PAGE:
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Published August 18, 2020

Virginia Humanities announced today that the film, Mapping Virginia’s Slave Dwellings, has been awarded a National Capital Chesapeake Bay Chapter Emmy Award in the category “Historical / Cultural:  Program Feature.” The six-minute film, released by Google Earth Outreach in June 2019, documents efforts by Virginia Humanities and Saving Slave Houses to preserve the history of Virginia’s slave dwellings using Google Street View technology.

Nineteen slave dwellings across the state have been documented and are available as virtual tours through Google Maps and in Virginia Humanities’ Encyclopedia Virginia at EncyclopediaVirginia.org/vr. The virtual tours make the dwellings, most of which are on private property, accessible to the public.

Peter Hedlund, Director of Encyclopedia Virginia, says these virtual tours give viewers a more complete version of Virginia’s history. “Rarely are the buildings that once housed enslaved Virginians focal points of historic sites. Instead, visitors are led to the big stately homes of those who were the enslavers. By featuring these sites, we are helping to emphasize the foundational role of the enslaved in the history of Virginia.”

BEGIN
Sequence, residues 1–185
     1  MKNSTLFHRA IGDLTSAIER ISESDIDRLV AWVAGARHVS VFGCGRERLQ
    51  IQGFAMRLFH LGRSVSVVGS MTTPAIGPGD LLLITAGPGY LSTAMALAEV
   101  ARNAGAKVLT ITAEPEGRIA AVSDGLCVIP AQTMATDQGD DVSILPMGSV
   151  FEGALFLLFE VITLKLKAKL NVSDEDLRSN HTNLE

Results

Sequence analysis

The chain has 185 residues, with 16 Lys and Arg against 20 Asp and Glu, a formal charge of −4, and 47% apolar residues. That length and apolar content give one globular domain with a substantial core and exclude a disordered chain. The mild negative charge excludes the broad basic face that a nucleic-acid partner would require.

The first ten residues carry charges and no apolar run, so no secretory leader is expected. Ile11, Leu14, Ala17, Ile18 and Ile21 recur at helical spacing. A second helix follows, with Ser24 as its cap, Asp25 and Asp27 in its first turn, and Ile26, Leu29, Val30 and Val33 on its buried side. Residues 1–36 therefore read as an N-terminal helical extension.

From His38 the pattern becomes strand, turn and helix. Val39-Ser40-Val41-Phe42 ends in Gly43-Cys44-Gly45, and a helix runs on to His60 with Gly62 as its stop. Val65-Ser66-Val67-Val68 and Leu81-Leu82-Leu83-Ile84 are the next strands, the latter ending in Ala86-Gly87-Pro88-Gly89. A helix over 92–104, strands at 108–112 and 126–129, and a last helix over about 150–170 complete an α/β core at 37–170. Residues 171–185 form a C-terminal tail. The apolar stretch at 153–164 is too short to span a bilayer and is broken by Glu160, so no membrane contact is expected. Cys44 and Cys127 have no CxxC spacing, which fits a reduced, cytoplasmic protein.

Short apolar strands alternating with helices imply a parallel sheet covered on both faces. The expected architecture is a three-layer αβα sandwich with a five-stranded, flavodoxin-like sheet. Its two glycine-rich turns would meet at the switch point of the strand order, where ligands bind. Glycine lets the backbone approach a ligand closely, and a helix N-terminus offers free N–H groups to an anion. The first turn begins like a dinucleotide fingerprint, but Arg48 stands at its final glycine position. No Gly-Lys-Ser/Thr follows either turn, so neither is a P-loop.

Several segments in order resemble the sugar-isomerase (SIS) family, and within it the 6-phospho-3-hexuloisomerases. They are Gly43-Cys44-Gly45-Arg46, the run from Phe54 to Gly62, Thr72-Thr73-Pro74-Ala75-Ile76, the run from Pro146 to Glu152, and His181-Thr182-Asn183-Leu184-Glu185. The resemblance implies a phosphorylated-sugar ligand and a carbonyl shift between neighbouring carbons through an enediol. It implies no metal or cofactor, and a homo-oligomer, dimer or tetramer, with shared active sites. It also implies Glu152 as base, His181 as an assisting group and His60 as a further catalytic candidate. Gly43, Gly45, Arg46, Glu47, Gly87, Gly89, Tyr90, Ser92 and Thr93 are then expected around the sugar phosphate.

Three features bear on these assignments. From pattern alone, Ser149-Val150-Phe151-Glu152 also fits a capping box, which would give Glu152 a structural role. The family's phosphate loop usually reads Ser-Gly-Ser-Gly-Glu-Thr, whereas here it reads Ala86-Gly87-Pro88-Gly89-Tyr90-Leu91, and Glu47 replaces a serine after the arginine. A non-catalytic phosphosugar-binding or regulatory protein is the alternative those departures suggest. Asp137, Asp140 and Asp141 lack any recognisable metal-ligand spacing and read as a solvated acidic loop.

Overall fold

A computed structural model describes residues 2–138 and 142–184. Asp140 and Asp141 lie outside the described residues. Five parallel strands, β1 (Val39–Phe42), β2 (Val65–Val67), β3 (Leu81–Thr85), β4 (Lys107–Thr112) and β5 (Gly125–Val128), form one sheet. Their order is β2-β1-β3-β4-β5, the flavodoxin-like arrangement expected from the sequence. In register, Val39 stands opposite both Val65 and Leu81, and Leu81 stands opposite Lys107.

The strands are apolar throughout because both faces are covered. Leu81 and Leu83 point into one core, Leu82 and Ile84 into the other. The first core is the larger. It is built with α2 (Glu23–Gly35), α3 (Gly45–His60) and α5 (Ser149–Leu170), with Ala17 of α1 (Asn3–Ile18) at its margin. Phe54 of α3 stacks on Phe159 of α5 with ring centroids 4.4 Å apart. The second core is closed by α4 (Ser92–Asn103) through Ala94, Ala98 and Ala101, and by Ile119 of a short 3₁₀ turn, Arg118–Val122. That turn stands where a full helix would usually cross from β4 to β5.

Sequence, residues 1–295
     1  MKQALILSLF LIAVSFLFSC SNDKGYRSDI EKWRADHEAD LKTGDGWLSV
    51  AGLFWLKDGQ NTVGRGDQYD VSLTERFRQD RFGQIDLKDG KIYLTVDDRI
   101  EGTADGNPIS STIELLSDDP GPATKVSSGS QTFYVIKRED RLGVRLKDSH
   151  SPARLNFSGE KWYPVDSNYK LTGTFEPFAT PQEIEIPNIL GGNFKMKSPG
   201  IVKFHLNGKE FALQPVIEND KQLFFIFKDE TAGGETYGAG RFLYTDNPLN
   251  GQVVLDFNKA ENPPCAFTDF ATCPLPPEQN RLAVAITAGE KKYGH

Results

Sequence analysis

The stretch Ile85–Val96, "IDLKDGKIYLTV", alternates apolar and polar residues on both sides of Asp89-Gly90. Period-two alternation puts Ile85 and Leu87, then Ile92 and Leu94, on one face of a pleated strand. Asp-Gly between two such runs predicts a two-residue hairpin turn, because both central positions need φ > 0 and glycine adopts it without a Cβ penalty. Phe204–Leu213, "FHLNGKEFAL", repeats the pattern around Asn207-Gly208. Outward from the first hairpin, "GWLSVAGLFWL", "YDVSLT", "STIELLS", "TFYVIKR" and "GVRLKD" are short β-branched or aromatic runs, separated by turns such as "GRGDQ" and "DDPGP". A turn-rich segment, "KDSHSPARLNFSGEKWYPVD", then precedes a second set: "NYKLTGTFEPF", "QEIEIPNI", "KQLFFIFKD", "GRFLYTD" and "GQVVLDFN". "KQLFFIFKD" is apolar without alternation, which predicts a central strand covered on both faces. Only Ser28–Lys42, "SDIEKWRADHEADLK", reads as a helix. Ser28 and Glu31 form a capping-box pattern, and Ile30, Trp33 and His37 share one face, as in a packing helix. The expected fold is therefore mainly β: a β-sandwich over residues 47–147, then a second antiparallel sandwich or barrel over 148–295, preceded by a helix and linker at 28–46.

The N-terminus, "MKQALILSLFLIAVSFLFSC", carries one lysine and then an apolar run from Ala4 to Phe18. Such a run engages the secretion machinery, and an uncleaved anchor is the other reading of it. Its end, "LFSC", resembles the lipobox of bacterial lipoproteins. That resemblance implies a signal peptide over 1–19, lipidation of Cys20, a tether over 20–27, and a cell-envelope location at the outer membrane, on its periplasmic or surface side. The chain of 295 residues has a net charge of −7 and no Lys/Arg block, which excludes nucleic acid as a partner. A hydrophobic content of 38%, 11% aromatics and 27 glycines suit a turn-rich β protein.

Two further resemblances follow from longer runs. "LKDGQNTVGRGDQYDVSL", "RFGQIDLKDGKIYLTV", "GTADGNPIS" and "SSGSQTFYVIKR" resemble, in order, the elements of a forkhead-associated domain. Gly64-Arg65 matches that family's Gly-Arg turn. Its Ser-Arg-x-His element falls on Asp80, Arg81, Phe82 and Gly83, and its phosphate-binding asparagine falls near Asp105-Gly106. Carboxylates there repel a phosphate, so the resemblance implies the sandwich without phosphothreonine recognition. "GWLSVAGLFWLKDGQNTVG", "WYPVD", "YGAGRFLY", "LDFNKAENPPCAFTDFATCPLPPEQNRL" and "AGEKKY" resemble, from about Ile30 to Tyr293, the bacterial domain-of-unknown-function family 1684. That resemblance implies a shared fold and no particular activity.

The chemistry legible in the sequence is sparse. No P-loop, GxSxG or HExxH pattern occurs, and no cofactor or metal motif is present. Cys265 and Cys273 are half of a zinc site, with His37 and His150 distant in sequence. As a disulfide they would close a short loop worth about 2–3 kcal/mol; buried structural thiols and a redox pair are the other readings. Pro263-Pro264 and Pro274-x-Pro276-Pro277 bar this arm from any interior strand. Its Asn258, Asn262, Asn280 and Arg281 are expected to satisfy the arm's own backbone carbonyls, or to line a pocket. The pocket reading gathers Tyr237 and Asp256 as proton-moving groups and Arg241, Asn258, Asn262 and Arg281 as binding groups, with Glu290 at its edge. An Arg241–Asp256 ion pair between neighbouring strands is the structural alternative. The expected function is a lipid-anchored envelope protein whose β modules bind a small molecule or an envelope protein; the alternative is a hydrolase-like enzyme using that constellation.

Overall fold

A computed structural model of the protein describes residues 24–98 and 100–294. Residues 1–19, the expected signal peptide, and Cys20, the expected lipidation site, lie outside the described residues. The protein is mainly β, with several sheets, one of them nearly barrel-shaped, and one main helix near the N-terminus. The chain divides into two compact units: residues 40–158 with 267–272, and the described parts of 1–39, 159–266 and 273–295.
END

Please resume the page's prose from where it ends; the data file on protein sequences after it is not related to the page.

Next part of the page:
The video shows the documentation of Ampthill Plantation, in Cumberland County, where Justin Reid’s family was enslaved. Reid, who directs Community Initiatives at Virginia Humanities, says physical structures play an important role in remembering our past. “Our understanding of ourselves and our history is continuously shaped, usually unconsciously, by our built environment, which is why it’s so important for these places to tell honest and inclusive stories. Having truthful, tangible reminders of our past, especially the wide-ranging experiences of those who’ve been most marginalized, can help us build a more just society today.”

Mapping Virginia’s Slave Dwellings

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